For instance, the browser will specially display and change the mouse pointer when it passes over the "Kumquat Archive" text in the following example:
For more information on kumquats, visit our <a href="http://www.kumquat.com/archive.html"> Kumquat Archive</a>
If the user clicks the mouse button on that text, the browser automatically retrieves from the server www.kumquat.com a web (http:) page named archive.html, then displays it for the user.
Pointing to another document in some collection somewhere on the other side of the world is not only cool, it also supports your own web documents. Yet the hyperlink's chief duty is to help users navigate your collection in their search for valuable information. Hence, the concept of the home page and supporting documents has arisen.
None of your documents should run on and on. First, there's a serious performance issue: the value of your work suffers, no matter how rich it is, if the document takes forever to download and if, once it is retrieved, users must endlessly scroll up and down through the display to find a particular section.
Rather, design your work as a collection of several compact and succinct pages, like chapters in a book, each focused on a particular topic for quick selection and browsing by the user. Then use hyperlinks to organize that collection.
For instance, use your home page ? the leading document of the collection ? as a master index full of brief descriptions and respective hyperlinks to the rest of your collection.
You can also use either the name variant of the <a> tag or the id attribute of nearly all tags to specially identify sections of your document. Tag ids and name anchors serve as internal hyperlink targets in your documents to help users easily navigate within the same document or jump to a particular section within another document. Refer to that id'd section in a hyperlink by appending a pound sign (#) and the section name as the suffix to the URL.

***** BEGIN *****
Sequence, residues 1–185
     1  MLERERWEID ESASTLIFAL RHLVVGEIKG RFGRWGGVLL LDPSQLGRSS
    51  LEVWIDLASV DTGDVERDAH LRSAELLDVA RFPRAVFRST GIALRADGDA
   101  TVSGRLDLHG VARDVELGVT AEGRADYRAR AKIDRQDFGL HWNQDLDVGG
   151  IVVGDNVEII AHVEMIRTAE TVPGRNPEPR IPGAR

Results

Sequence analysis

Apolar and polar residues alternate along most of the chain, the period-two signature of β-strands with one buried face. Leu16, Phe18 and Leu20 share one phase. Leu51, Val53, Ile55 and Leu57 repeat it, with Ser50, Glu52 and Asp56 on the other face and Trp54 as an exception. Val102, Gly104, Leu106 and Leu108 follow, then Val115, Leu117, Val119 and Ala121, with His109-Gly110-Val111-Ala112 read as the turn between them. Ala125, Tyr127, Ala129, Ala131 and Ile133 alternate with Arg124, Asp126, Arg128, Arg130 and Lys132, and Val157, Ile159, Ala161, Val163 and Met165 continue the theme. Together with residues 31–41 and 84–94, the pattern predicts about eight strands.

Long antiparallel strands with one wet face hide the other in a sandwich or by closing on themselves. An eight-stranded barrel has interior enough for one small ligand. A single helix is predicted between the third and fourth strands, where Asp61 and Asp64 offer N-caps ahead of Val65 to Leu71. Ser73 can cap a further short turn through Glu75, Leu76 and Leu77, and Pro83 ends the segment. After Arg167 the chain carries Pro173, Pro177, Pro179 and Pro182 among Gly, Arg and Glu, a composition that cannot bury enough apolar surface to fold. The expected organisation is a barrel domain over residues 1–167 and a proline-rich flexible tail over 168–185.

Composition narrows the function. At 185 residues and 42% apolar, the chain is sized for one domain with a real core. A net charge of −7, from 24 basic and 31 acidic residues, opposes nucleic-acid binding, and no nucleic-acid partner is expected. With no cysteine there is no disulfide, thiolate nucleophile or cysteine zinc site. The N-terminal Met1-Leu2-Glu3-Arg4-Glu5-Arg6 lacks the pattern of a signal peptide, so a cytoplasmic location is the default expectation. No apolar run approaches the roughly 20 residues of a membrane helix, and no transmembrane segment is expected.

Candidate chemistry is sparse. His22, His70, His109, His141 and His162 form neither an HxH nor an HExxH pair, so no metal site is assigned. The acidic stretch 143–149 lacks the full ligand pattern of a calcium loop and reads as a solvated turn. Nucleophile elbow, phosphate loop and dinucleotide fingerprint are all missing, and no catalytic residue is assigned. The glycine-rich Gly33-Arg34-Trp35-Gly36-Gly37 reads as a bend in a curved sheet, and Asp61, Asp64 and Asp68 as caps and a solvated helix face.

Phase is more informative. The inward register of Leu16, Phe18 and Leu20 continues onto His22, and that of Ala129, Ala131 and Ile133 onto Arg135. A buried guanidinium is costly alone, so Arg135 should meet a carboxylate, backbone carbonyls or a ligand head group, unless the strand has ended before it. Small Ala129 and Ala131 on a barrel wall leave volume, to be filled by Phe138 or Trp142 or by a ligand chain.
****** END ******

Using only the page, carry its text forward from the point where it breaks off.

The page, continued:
For instance, to reference a specific topic in an archive, such as "Kumquat Stew Recipes" in our example Kumquat Archive, first mark the section title with an id:
...preceding content... <h3 id="Stews">Kumquat Stew Recipes</h3>
in the same or another document, then prepare a source hyperlink that points directly to those recipes by including the section's id value as a suffix to the document's URL, separated by a pound sign:
For more information on kumquats, visit our <a href="http://www.kumquat.com/archive.html"> Kumquat Archive</a>, and perhaps try one or two of our <a href="http://www.kumquat.com/archive.html#Stews"> Kumquat Stew Recipes</a>.
If selected by the user, the latter hyperlink causes the browser to download the archive.html document and start the display at our "Stews" section.
Hyperlinks are not limited to other HTML and XHTML documents. Anchors let you point to nearly any type of document available over the Internet, including other Internet services.
However, "let" and "enable" are two different things. Browsers can manage the various Internet services, like FTP and Gopher, so that users can download non-HTML documents. They don't yet fully or gracefully handle multimedia.
Today, there are few standards for the many types and formats of multimedia. Computer systems connected to the Web vary wildly in their abilities to display those sound and video formats. Except for some graphics images, standard HTML/XHTML gives you no specific provision for display of multimedia documents except the ability to reference one in an anchor. The browser, which retrieves the multimedia document, must activate a special helper application, download and execute an associated applet, or have a plug-in accessory installed to decode and display it for the user right within the document's display.
Although HTML and most web browsers currently avoid the confusion by sidestepping it, that doesn't mean you can't or shouldn't exploit multimedia in your documents: just be aware of the limitations.